Picard represents one of those claims. His case against Merkin and his funds includes a demand for the return of assets withdrawn from Ariel and Gabriel’s Madoff accounts. In a heated exchange of memoranda, Picard and James C. McCarroll, Schwartz’s attorney, have battled for months over Picard’s right to Ariel and Gabriel funds. In a filing January 25, McCarroll wrote that Picard “has unilaterally and inexplicably decided that justice with respect to Madoff’s unprecedented fraud is best served by seeking to victimize further some of his largest innocent victims — enormous net losers such as Ariel and Gabriel.”
“Almost everyone who invested through [Madoff] has been victimized, and many have been victimized far more severely than” Ariel and Gabriel, Picard shot back February 24. “If anything, Defendant Funds deserve less sympathy than many other victims,” he wrote, citing the sophisticated nature of the funds’ investors.
“Sadly, in his zeal, the Trustee also seems to have lost the necessary objectivity even to distinguish between the victims and the villains of the Madoff fraud,” McCarroll responded March 17.
In an interview, Picard said that he didn’t object to the upcoming disbursement of Ariel and Gabriel funds to investors, given that Schwartz is setting aside the $95 million reserve fund. “The reserve covers, among other things, what we’re asking for,” Picard said. “We certainly don’t have an objection to him giving out the surplus.”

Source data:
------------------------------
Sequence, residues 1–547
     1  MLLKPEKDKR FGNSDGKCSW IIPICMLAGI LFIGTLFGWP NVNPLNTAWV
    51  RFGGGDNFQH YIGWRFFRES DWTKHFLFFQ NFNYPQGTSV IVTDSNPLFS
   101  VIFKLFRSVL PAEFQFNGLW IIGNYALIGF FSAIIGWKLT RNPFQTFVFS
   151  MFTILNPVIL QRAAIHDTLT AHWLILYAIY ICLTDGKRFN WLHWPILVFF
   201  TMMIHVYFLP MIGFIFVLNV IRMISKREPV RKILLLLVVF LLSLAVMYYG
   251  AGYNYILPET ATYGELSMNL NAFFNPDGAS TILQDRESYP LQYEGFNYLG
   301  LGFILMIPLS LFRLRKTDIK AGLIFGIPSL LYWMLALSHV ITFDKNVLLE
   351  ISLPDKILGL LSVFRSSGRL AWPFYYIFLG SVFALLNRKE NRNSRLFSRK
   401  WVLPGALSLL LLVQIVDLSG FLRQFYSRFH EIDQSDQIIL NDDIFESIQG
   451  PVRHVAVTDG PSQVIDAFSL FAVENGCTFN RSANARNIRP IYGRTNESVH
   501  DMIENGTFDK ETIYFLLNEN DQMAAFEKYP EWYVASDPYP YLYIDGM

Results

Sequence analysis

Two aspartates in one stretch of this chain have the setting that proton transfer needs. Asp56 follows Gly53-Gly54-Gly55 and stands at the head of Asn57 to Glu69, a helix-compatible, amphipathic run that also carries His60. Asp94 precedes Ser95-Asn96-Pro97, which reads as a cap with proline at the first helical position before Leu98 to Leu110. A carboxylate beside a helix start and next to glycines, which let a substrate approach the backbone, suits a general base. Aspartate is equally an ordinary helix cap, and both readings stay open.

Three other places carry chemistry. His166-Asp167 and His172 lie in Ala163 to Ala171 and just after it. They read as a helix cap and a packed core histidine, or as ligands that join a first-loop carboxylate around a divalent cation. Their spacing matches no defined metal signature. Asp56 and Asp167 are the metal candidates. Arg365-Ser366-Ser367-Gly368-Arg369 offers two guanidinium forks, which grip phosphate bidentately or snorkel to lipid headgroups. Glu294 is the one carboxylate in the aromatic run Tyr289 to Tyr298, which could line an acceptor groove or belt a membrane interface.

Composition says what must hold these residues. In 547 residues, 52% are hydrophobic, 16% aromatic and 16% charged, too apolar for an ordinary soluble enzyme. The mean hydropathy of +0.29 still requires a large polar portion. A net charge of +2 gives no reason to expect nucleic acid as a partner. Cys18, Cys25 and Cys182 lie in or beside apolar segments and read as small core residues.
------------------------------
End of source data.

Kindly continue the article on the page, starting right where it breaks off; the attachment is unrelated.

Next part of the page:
Claims in the Ariel and Gabriel disbursement were due September 20. Pending court approval, the disbursement will occur before the end of the year.
In an entirely separate proceeding, an individual investor in Ascot, named Noel M. Wiederhorn, won $1.5 million from Merkin in a decision August 19.
And in related Madoff news, Madoff feeder-fund manager Stanley Chais died September 26 after a long illness. The Securities and Exchange Commission, the California Attorney General and others sued Chais over his role in the Madoff case. According to one filing, his phone number was found at the top of a speed dial list in Madoff’s office.